It seems to me that one of the reasons for societies to have the written and unwritten rules they have on sexual behavior is that humans are locked in a battle with pathogens that can be transmitted through that "vector," to use a clinical term for sexual contact. Do you suppose that when it comes time to build a colony on Mars, the colonists will be screened for such diseases and quarantined before launch, such that on launch day they are known to have no STDs lurking in their systems? If so, then I would guess that some of the Earthbound rules will no longer be applicable among the colonists on Mars. Just as an example, monogamy may lose some of the importance that it has in most Earthly societies.

    This was just a thought on my part. I can't remember ever hearing this idea brought up in anything I've read, but it seems plausible to me.
     
  8. Mar 28, 2004 #7

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    The idea of building a population with no STD is dangerous. Think what happened to the native americans, when the europeans introduced measles! A better scheme would be to use genetics to hurry the evolution of natural protection to fast-evolving retrovirus diseases.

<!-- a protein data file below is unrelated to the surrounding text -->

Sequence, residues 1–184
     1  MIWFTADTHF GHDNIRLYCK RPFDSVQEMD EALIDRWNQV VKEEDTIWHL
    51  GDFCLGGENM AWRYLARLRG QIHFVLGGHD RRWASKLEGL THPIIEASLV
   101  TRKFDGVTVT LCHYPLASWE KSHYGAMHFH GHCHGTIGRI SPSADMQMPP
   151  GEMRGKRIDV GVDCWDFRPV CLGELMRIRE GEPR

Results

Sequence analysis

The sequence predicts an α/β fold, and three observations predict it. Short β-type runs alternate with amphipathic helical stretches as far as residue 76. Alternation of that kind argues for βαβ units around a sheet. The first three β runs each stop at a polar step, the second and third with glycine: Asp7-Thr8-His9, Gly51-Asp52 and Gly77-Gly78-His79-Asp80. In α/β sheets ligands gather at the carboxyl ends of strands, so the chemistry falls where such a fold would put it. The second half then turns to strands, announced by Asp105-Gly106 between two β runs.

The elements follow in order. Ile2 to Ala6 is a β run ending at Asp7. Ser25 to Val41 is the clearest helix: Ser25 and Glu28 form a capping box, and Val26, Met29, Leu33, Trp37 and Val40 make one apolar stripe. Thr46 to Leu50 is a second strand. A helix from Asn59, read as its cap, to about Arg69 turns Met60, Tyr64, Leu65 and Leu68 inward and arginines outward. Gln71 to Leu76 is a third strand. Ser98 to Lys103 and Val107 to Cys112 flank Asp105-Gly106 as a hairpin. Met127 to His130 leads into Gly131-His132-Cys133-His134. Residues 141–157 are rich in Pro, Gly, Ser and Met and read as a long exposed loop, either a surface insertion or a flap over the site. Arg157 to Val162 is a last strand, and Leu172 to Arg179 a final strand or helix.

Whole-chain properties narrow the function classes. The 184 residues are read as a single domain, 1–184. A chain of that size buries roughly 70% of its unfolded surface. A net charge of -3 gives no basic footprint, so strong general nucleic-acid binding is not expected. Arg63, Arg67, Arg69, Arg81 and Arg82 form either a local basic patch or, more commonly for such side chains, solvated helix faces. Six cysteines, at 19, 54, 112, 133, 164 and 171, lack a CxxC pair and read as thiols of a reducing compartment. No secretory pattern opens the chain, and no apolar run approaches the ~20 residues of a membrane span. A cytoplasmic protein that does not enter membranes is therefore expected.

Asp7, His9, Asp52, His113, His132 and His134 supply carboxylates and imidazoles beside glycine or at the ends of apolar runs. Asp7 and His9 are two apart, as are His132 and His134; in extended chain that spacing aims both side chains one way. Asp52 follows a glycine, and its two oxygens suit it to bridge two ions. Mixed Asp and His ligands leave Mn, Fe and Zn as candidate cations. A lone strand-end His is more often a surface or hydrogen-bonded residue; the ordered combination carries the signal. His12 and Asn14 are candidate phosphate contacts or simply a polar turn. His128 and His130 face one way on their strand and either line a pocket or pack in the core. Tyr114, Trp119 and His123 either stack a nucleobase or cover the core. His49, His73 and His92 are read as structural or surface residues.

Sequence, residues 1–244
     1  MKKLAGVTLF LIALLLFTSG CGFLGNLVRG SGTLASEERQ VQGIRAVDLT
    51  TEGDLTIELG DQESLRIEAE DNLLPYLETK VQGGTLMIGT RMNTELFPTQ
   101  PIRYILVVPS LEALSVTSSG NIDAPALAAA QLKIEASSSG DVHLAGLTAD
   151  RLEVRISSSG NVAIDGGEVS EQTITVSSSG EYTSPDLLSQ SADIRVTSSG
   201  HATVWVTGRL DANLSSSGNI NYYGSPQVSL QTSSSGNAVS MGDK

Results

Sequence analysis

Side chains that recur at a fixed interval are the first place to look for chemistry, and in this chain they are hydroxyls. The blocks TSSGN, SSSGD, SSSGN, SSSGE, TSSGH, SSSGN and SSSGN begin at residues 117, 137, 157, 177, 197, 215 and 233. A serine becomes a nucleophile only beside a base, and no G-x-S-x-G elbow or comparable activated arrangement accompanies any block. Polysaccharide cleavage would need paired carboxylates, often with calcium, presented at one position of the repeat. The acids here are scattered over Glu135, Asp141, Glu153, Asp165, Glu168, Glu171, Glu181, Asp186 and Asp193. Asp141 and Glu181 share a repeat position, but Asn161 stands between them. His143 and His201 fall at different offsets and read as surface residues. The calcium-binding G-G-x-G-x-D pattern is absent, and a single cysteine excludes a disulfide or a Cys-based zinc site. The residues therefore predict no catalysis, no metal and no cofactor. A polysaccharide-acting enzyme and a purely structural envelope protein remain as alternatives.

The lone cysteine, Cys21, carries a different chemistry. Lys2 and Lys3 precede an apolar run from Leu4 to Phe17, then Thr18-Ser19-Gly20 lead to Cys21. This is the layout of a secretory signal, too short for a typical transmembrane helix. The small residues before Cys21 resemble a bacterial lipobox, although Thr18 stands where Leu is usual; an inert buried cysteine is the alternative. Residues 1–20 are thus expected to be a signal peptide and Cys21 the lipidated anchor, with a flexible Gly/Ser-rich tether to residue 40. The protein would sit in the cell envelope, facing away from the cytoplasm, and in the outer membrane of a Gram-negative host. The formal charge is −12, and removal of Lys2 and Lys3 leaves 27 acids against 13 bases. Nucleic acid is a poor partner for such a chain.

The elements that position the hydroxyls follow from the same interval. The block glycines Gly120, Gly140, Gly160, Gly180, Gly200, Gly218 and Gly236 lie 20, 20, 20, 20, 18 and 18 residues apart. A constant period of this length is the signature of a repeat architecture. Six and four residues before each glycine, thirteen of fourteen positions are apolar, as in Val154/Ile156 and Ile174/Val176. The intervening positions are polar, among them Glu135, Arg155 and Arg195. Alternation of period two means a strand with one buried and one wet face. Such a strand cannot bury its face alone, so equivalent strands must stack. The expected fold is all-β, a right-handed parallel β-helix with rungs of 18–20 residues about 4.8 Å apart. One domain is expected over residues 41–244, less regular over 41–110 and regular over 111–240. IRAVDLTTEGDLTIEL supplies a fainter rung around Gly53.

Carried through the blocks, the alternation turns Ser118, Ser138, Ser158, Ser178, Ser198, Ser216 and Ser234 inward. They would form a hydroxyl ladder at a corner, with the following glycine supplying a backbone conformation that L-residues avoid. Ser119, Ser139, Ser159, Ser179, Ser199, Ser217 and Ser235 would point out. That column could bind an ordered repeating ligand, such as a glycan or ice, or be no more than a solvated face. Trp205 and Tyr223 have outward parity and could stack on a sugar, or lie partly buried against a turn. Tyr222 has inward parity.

9. Mar 28, 2004 #8

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    SelfAdjoint,

    As I was writing my post above, I was grinning a little at the thought of all those 1930s-era science fiction pulp stories about people secretly stowing away on spaceliners going to other planets. You know, when and if interplanetary spaceships get really big, that might actually become a security issue!
     
  10. Mar 28, 2004 #9
    On a planet like earth, doesn't the contiential ehh.. plates? land parts? completly renew every few millions of years or so (being sucked down, melted and exhausted as lava on opposite side) (not sure about the exact time), thus, removing all traces of our civilzation? Marks on the moon and alike would be erased by meteors quickly.
     
  11. Mar 28, 2004 #10

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    Fossils have been dated in some cases to hundreds of millions of years old, so clearly there are parts of Earth's crust that are not being reprocessed all that quickly.
     
  12. Mar 28, 2004 #11
    Everything required for life is there, it's a matter of time and effort and that the people who seek to control others through money and power will rise to the top and find enough ways to abuse democracy thus providing the motivation to move out like teenagers from their parents house. The president of today is the son of the president of yesterday, out of all the good people in this country why should this be so? It's good to move out of one's parents house though or this is my opinion of the motivation behind moving around not that all or even most people who seek to control others are bad we seem hardwired as a species to look to our fearless leaders, but things are likely to be better the more democratic the system.